I am finding inspiration is in an odd and rather depressing place. 100 Abandoned Houses is a beautiful but haunting photography project by Kevin Bauman. His website is a collection of images he has captured over the last 10 year of his own home town of Detroit.
The photography is beautiful and the collection of photos is certainly a compelling collection that, as a design interested person, I can’t help be be drawn in by. The neighborhoods look remarkably similar to Washington Park, Alamo Placita Park and Cherry Creek in Denver where I used to live. I loved these neighborhoods for their mix of cottages, large homes and interesting architecture and people that created a unique flavor that you just don’t find in newer cookie cutter neighborhoods. Seeing something familiar in such a state of decline brings the reality of our declining economy and the impact that it has on individual families a bit closer to home.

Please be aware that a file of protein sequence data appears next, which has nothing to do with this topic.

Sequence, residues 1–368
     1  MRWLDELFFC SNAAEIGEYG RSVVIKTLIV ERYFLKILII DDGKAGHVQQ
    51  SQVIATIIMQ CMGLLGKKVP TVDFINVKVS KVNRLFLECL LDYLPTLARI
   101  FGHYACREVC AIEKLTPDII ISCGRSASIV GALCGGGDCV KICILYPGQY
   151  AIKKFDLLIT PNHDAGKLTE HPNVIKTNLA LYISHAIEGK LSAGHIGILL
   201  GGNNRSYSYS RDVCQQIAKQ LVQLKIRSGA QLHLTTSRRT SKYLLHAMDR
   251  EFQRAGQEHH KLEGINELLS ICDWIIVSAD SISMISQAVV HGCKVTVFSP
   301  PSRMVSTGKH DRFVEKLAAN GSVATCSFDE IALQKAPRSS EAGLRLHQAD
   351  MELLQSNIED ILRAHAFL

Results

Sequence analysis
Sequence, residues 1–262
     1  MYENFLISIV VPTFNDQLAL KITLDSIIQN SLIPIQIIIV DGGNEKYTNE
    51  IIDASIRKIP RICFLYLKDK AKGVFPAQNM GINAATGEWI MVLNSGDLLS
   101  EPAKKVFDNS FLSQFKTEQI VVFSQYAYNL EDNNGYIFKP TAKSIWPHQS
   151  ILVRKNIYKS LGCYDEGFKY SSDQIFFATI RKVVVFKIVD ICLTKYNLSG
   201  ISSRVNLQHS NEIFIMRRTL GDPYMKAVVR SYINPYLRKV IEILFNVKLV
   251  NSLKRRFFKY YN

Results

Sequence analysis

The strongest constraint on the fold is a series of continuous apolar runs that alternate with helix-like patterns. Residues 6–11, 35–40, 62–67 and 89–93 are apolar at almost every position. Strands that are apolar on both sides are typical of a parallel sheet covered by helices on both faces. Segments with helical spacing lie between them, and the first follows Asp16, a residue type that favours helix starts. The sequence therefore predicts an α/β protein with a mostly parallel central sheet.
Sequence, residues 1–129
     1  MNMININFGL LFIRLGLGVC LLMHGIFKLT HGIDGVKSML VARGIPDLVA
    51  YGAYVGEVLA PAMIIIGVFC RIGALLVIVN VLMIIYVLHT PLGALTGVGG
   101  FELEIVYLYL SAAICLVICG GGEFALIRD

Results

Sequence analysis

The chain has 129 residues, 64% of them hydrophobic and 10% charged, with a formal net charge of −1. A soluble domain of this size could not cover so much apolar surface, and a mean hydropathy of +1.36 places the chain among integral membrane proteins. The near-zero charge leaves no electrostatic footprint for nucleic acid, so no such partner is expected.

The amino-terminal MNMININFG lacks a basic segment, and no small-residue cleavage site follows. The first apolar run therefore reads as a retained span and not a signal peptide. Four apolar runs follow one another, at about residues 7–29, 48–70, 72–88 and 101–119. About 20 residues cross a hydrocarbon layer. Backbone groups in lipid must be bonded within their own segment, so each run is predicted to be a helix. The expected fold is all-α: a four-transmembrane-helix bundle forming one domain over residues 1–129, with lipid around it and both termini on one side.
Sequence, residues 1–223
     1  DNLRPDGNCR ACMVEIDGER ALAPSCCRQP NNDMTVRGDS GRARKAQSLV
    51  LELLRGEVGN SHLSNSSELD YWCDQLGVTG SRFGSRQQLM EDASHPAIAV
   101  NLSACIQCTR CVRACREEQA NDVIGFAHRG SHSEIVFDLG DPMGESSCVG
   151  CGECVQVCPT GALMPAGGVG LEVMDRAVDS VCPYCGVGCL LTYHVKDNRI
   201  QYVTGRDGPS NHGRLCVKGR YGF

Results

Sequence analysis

I am noticing in these pictures the remarkable lack of love and sense of personal space. Obviously the house are falling down, but I am talking about the landscape too. There are no fences left, the plants that would make a garden are either dead from neglect or have taken over the house entirely. I am somewhat shocked by the lack of vibrancy that these home have. Green and all the shades of the garden lacking makes for a rather stark image.
I think it would be interesting to walk these neighborhoods and study what is alive and thriving, are they native plants or something else? What did people plant in better times that still exists and what can we learn from that to make better spaces now.
You know what else is striking to me – open, naturalized landscapes being a bit of a design trend – are just not that welcoming and enticing. I am noticing the remarkable similarities to what many designers are creating on purpose. It reminds me that this is not what people yearn for in a personal gardens and landscapes and that people (or at least I) find comfort in spaces that are at least a little bit organized, have a sense of structure, and create pocket of retreat. Do you agree?
What strikes you about these pictures?
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